BWW Review: THE WHO: MOVING ON!, Wembley Stadium
Remarkably, it's been 40 years since legendary rock band The Who performed at Wembley Stadium, back then sharing the stage with the likes of The Stranglers and AC/DC. This weekend's return - featuring a line-up of four support acts - felt like something of a homecoming festival for the band, made all the more grandiose an occasion with the addition of an orchestra for the headliners' set.
With the very recent loss of Pete Townshend's guitar technician Alan Rogan, it was also a chance to honour his long-term involvement with the band and to celebrate life.
Fresh from the release of his debut album towards the end of last year, up-and-coming guitarist and band leader Connor Selby kicked off proceedings with a short but impressive set; a great fit for this line-up, his blues guitar influences shone through and got the stadium rocking. Next up was Irish rocker Imelda May, who did her best to get the growing crowd involved in clapping along whilst having a whale of a time herself - by the time the band reached "Mayhem" and a cover of "Teenage Kicks" the party felt like it was getting started.
Following strains of Dire Straits' "Money for Nothing" being pumped around the stadium, Leeds outfit Kaiser Chiefs took to the stage and really got things going with a bit of a 'best of' set, including two numbers from their soon-to-be-released album Duck (cheekily advertised by frontman Ricky Wilson as the band took a quick breather). Wilson could perhaps be seen as Roger Daltrey's natural successor in terms of his onstage antics, quickly launching himself here, there and everywhere, flinging his microphone and tambourine around, and clambering up onto the drum risers and speakers at any given opportunity.
By the time they reached favourites "I Predict a Riot", "Ruby" and "Oh My God", the crowd was united and found their singing voices; the volume in and around Wembley jumped up a notch, whilst retaining a notable clarity - probably the best in the entire show. "We are the Kaiser Chiefs, remember us for your next party!" exclaimed Ricky Wilson to the cheering masses.
The energy gradually ramped up throughout each of the first three support acts' sets, hyping up the crowd for the main event. Though his legendary status earned him top billing of the support, Eddie Vedder's folk rock set did put the brakes on somewhat, with a selection of very similar-sounding songs. His set featured guest appearances from Simon Townshend (brother of Pete) and Glen Hansard (known for Once, he has toured a lot with Vedder).
He did seem to have a very enthusiastic fanbase in, however, and his cover of "Crazy Little Thing Called Love" - Wembley inspiring in him thoughts of Freddie Mercury - was unexpected and truly excellent. For Vedder, being part of this gig and being embraced by The Who is "one of the great thrills of my life", after growing up in thrall of them. He left with a reminder to follow your ambitions: "It's a healthy thing to imagine the possibilities and dream big."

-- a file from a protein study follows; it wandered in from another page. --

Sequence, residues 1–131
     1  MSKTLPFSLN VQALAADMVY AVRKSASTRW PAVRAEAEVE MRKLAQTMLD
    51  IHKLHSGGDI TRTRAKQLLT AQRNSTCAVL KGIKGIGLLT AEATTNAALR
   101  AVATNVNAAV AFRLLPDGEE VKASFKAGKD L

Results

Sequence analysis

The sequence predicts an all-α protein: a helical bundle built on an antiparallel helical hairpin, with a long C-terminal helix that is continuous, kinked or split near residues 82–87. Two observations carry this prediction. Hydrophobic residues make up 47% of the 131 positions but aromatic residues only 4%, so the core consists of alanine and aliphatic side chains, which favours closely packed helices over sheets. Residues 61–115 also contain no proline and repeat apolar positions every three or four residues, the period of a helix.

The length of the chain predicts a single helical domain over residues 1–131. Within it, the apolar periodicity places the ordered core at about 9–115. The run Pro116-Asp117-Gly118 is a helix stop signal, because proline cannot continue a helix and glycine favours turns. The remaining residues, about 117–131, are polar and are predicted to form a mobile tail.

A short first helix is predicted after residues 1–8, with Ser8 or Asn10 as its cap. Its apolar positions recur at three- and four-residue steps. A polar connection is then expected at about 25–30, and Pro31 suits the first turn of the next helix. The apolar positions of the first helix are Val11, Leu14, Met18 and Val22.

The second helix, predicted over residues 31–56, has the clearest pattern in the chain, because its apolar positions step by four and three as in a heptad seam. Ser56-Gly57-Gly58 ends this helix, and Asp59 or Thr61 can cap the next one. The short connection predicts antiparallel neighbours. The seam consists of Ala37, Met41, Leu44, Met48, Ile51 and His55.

With the sun starting to go down, The Who made their long-anticipated entrance, blasting into "Overture" from Tommy with the orchestra, followed by a selection of songs from the 50-year-old rock opera - including the perennially popular "Pinball Wizard". Later on they returned to another of their epics, Quadrophenia, inviting Eddie Vedder back to the stage for a memorable duet of "The Punk and the Godfather", as well as renditions of "5:15" and live staple "Drowned". A revival of the stage show, with its themes of disaffected youth and dead-end jobs, would surely go down well in the current climate.
As it was a two-and-a-half-hour show, the orchestra needed to take a bit of a break - which gave the band a great opportunity to go it alone for a little while, and allowed the crowd to really rock out with "Substitute" and "The Seeker". Originally written on acoustic guitar as something of a 'protest song' protest song, this stripped back arrangement shone new light on "Won't Get Fooled Again", and led perfectly into a string-accompanied rendition of "Behind Blue Eyes".
The concert also provided an opportunity to share a couple of new songs on top of these new orchestrated versions; bringing the orchestra in was Daltrey's plan, and it worked well in enriching the sound without taking away the rock element - and it certainly didn't stop Townshend's trademark windmills from making several appearances! On first violin, Katie Jacoby also rose to the occasion in the closing sequence to a showstopping performance of "Baba O'Riley".
Whilst there were a few notable absences on the set list - my personal favourite "You Better You Bet" unfortunately didn't make an appearance - it was a pretty well-conceived show, and made effective use of the orchestra. The sound within Wembley did leave a bit to be desired at times, particularly when people tried to speak in between songs, but they definitely turned it up to eleven; the roar of the crowd during the classics was undimmed, in spite of a curiously low capacity of pitch seats (and no official standing section).
People might try to put them d-down, but The Who are still going to get around; they are off to America in the first instance, but announced their intention to return to the UK next year with the orchestra for a reprise. If you missed out this time, make sure you don't get fooled again and join together with the band - there's no substitute.